Sunday, April 12, 2015

Mercy and trustful surrender

Sometimes I think one of the most difficult things about being a Christian is not just the laying down of my desires on the altar and the picking up of my cross, but in getting outside of myself enough to even see which things are my desires and which are God's.

For the last year, I've been one of those people who walks in a church and almost immediately the tears start. They might not be constant... but I've learned to bring some kleenex! The words in prayer don't come very often. And sometimes as I am there, trying not to draw attention to myself, not to cry, and to focus, I'm just so taken in by the awesomeness of God... that the tears just won't stop. I've learned that its a different sort of prayer, and while it might not be the rosary, or the words I think I want to say to God, it's what I need at the moment. To just be in the presence of my Lord.

So today was one of those days. I was blessed to be able to attend the last hour of a Divine Mercy Celebration including confession, adoration, benediction and the singing of the Chaplet of Divine Mercy. I've never been to an event quite like this and it was a truly beautiful thing to see so many Catholics gathered in prayer. The church was packed! Such a great sight!

I've found the message of St Faustina and Divine Mercy to be compelling since I first picked up a pamphlet on it at my parish during high school. It was the first novena I ever prayed, and I recall at the time, finding the words of the prayer to be profoundly beautiful and packed with meaning. Fast forward 6 years from then, when I rediscovered it with a greater Eucharistic devotion. The very idea of the prayer- that we are offering Christ to God. That we, lowly, sinful, fallen people, can offer Him to God.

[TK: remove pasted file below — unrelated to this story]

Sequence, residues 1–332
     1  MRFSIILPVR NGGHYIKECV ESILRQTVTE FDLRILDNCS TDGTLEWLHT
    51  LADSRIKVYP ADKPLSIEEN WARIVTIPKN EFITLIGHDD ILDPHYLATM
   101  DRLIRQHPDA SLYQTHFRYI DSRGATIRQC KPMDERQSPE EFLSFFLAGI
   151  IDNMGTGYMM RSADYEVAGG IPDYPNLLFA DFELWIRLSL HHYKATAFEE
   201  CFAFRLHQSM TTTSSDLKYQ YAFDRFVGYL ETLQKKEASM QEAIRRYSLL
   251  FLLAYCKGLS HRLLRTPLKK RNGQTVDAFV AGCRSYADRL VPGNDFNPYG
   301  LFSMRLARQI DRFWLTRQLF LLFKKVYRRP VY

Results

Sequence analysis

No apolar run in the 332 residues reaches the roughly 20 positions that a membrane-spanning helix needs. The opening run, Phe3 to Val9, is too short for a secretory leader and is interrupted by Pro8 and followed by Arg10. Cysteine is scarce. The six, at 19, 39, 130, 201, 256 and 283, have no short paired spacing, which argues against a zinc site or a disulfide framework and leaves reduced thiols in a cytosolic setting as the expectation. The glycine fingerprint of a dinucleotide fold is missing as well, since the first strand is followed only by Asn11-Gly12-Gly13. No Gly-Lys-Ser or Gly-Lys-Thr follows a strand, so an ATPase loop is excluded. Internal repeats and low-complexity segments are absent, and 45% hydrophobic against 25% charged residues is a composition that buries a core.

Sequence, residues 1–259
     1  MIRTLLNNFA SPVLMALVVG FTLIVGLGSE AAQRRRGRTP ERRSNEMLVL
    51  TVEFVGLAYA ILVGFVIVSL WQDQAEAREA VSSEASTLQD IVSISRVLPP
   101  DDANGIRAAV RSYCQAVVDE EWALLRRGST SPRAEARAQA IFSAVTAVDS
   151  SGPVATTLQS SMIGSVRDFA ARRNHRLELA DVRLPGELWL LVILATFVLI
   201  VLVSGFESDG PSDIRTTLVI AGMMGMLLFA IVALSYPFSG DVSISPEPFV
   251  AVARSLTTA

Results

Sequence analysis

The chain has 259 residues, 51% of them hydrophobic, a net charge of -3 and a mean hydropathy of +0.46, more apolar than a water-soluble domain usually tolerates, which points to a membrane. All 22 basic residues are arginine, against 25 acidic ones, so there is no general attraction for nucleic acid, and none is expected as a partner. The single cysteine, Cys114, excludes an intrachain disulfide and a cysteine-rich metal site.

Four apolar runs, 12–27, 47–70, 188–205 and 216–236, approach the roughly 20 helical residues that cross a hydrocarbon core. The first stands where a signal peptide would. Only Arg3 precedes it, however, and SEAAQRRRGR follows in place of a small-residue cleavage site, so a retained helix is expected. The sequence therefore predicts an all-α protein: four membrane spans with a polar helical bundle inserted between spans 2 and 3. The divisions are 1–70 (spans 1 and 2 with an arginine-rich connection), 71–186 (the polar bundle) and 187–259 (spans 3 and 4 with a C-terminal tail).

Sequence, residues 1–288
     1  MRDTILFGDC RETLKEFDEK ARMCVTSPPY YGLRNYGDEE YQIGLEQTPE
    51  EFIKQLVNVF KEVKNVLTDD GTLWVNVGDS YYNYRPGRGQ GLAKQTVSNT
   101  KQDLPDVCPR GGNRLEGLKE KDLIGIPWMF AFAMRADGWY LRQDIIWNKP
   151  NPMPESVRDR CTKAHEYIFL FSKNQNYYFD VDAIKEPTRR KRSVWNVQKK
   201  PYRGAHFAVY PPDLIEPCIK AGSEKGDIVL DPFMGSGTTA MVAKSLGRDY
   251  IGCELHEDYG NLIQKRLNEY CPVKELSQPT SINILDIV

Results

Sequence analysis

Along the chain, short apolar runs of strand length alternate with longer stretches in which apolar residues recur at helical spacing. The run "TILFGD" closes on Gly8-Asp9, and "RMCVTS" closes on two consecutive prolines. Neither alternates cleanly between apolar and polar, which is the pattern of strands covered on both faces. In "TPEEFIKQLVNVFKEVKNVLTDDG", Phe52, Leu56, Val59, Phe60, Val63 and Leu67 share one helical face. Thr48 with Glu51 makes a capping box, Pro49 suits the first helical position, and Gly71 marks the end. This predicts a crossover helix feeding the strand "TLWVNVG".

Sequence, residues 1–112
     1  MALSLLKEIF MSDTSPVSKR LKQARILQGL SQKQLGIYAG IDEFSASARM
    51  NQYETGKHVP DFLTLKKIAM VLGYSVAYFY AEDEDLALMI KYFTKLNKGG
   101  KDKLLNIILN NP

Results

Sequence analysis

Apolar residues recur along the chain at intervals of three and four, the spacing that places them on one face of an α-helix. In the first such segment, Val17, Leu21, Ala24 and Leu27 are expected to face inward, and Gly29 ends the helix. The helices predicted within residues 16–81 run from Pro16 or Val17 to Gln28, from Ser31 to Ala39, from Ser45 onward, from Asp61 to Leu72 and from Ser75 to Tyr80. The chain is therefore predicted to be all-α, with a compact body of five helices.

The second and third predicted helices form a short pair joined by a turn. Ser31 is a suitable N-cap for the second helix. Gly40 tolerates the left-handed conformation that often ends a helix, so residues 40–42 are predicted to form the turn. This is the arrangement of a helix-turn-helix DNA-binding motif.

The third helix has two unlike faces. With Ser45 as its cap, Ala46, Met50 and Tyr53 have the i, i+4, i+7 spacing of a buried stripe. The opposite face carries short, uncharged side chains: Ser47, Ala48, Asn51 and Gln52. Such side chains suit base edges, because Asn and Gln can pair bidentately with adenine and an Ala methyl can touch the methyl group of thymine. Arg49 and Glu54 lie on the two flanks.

Wow. Talk about Mercy. He doesn't just forgive us our sin, He raises us up. He invites us to put our hands into His. To put our fingers into His side. To look in His eyes. He isn't a God lords His greatness over us. Instead, He calls us toward Him. He came down from heaven, not just to save us from our sin, but to open the gates of heaven to us as well. O happy fault of Adam, indeed!

For the rest of my story to make sense, some backstory from this week is involved.

The other night, I introduced my seventh graders to this devotion. We've talked about sin, and confession, and mercy, and the Eucharist before. But with the celebration of Easter last Sunday and the octave this week, it seemed the perfect time to bring it up again. The kids, as usual, had some fantastic comments and questions (I'm a fan of the socratic method... which means the kids also know that they can ask any question and I'll try to answer it or find out by the next week. Questions are encouraged!) So towards the end of this conversation, I played the song "Love Was Stronger" by Audio Adrenaline. It wasn't my original plan (I'd been intending to play Matt Maher's "Christ Is Risen") so I didn't have the lyrics printed for them, but as I was driving to run errands before class, the song came on the radio and fit the theme for the evening so perfectly, that I had to incorporate it in. (Sadly, we never did get around to the second song... guess we'll use it this week!)